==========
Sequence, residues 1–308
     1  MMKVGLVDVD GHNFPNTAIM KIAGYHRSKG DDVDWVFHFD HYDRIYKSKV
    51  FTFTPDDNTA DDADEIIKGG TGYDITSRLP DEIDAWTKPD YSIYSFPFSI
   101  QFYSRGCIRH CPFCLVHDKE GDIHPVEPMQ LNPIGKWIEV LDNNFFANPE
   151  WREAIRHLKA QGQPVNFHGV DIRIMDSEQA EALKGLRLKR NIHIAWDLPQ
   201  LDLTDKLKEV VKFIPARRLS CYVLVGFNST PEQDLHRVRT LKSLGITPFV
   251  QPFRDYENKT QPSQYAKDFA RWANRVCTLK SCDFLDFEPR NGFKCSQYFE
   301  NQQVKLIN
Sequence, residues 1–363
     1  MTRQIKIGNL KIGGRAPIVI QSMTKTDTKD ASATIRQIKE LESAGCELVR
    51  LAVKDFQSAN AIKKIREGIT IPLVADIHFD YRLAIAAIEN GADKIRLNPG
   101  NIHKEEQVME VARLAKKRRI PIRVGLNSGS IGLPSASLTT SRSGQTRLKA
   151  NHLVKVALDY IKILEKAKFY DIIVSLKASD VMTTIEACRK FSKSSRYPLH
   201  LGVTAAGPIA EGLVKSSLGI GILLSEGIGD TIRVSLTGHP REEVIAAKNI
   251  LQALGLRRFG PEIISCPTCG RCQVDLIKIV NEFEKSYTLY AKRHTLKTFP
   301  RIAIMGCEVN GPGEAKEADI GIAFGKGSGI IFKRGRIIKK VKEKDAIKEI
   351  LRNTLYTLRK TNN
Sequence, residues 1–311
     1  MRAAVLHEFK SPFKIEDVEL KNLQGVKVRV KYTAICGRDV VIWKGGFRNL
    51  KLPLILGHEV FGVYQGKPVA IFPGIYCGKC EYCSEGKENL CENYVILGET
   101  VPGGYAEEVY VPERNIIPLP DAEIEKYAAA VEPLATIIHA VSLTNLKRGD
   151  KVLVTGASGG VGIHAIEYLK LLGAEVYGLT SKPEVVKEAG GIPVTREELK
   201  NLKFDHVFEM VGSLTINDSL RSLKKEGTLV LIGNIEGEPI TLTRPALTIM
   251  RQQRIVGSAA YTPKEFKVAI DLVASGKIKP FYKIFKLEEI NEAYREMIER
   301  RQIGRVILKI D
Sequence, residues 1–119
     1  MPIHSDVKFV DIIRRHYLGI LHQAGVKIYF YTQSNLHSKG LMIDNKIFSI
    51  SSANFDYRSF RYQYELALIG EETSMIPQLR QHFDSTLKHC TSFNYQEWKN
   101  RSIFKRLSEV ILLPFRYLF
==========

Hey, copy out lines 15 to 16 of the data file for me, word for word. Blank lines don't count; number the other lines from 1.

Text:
   251  LQALGLRRFG PEIISCPTCG RCQVDLIKIV NEFEKSYTLY AKRHTLKTFP
   301  RIAIMGCEVN GPGEAKEADI GIAFGKGSGI IFKRGRIIKK VKEKDAIKEI